As if I wasn’t already suffering enough, HAND-STAPLE-FOREHEAD, my still-young-enough-to-get-pregnant body chose the wee hours of this morning to inform me that I’ve squeaked through another month without reproducing. The first day of my menstrual period, when I’m too poor to take medication to keep it at bay, is invariably hell.
Feel Sorry For Me.
I’m currently experiencing the very real sensation of having a large, knotty tree branch up my butt. At the same time, my lower back is spazzing out like a squirrel on meth who just got tased. I am not having a good day, despite having had some genuinely nice fellowship with some more church ladies.
Yesterday afternoon one of the women who inadvertently saved my life last week popped in on me again. A group of hens have apparently been gathering for a crafting project involving passing out goodies and Gospel tracts, and they were offering me another dinner invite. Once again, I overcame the Abuser‘s pernicious whispers (“They just pity you, they don’t care, they probably don’t believe you’re really saved,” etc.) and accepted.
Cluckings and Peckings
We were a small group, a half dozen ladies, my age and older. A few remembered me from the Before Time, in the Long Long Ago, when I was “That girl with the beautiful long hair” who sang on the praise team over a decade past. A couple were new faces to me. One in particular talked a blue streak the entire night, relieving the rest of of us from carrying much of the conversation, and I mean that as a compliment.
It was nice, for the most part.
I made a concerted effort to put on my friendly and normal face. It’s a sad truth that the more time passes, the harder it is for me to convincingly make this performance, but I think I did a fairly decent job. I asked questions, made jokes, laughed at theirs, told a few anecdotes, and looked people in the face when they were speaking. It was good practice, but unfortunately it still felt like an act.
When you spend a lot of time alone, it’s dangerously easy to forget what interacting with other humans is like. Depression, at least in my case, tends to push me away from other people while also pushing other people away from me, convincing me that isolation is the only way to protect myself from further pain.
I’ve read a lot about the practice of solitary confinement in prisons. While many people consider it to be a form of cruel and unusual punishment on a par with torture due to the psychological effects it’s known to have on inmates, I’ve long suspected it wouldn’t be that big a deal for me. I imagine myself reading books over and over until they’re memorized, writing my own, and talking to myself loudly and unceasingly. Yes, I’d probably go even crazier than I already am, but I could probably entertain myself in my own head for the rest of my life.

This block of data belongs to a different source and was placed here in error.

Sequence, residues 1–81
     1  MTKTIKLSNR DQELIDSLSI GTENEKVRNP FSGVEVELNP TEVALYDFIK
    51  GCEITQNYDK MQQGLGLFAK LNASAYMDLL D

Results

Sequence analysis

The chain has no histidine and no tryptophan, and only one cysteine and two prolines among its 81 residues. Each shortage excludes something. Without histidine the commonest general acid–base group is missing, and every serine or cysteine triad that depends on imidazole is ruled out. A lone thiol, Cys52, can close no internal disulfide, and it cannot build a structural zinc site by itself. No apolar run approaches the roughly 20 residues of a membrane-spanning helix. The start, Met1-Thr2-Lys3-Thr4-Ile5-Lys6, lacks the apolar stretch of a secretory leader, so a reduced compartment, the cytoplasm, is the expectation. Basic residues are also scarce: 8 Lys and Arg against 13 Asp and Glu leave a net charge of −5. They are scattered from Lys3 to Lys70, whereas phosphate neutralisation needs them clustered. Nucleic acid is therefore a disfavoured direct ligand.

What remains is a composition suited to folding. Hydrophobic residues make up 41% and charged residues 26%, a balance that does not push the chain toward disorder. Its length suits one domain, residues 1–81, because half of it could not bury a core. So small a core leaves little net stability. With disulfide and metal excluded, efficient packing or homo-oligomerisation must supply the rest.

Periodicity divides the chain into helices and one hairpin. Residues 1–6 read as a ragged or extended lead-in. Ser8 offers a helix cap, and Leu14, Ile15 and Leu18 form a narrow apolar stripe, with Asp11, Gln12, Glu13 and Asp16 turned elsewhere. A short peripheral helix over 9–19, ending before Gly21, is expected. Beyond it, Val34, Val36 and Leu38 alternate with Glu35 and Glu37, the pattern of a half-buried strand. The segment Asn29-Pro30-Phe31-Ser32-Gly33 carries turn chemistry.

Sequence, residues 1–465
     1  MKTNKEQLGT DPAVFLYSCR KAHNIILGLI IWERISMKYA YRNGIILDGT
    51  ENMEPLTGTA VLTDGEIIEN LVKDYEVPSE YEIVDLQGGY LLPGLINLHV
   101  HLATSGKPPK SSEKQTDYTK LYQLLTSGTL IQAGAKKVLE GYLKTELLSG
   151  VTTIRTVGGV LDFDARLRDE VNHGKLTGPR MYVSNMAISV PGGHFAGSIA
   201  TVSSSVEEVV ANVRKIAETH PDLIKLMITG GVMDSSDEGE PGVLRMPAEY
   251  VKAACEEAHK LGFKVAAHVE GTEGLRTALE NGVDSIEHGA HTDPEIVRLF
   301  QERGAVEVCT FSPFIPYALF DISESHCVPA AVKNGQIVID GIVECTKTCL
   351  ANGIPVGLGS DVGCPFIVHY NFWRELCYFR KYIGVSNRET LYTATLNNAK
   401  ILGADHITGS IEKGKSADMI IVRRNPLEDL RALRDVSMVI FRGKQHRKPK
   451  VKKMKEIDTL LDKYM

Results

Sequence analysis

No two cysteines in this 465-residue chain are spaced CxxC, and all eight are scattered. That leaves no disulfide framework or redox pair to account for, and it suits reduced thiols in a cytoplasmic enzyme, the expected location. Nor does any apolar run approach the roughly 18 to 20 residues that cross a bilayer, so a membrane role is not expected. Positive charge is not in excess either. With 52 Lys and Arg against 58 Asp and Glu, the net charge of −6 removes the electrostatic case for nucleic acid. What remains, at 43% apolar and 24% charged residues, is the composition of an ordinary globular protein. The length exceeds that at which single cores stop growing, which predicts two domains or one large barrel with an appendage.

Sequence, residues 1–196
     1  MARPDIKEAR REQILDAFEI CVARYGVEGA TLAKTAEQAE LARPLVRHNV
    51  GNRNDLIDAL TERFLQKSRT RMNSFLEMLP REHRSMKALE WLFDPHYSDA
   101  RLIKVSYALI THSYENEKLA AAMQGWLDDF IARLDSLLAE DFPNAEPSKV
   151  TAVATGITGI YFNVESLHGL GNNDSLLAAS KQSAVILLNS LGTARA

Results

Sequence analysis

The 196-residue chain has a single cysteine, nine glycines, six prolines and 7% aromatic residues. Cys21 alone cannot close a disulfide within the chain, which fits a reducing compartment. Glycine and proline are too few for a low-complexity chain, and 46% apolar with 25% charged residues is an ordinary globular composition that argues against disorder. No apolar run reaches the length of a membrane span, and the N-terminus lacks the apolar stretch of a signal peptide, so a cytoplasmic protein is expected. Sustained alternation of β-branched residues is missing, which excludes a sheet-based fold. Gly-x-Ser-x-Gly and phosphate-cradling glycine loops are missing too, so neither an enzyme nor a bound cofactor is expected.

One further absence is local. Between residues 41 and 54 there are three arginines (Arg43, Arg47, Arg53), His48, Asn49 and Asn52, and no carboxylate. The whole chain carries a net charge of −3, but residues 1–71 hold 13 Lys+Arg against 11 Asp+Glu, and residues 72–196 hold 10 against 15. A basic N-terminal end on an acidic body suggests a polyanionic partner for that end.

At least I’d be safe from other people.
I’ve ranted previously, at great length, on my feelings about the way Christians talk when we’re amongst ourselves. The “us versus them” attitude towards the unsaved, or even towards other Christians whose behavior and politics we don’t agree with, and how toxic that atmosphere is. How miserable I was, trying “not to forsake the assembling of ourselves together” while biting my tongue surrounded by so much negativity. It was ultimately one of the things that drove me away from fellowship.
I heard a little more of it last night, while I grazed with these ladies from my church. Just a little, nothing I haven’t heard before. Some dismissive, derisive comments about addicts. An offhand remark or two in passing about some random Democrat or other. Nothing that rose to the level of “HOW DARE YOU CALL YOURSELF A CHRISTIAN” for me.
I listened silently. Didn’t join in. I let them rattle on. At one point, I gently interjected that “Addiction is brutal, it’s so brutal” to try and give the discussion a nudge towards compassion. They acknowledged me, and eventually ran out of steam and found other topics. I quietly reminded myself that I need to show as much grace as I’ve been shown.
This morning, in my menstrual misery (WAAAAAHHHHHH), I wandered back over to where these hens were continuing their little craft project. They’d invited me the night before to come over for lunch if I was free.
I asked for sympathy, explaining what was upon me. They cooed and awwwed and shared battletales of endometriosis and cramps of days gone by. I was given copious amounts of chocolate.
It was nice. I wish I could believe it’ll last. But knowing that I could share my pain with them, at least for now before they get sick of me, was nice.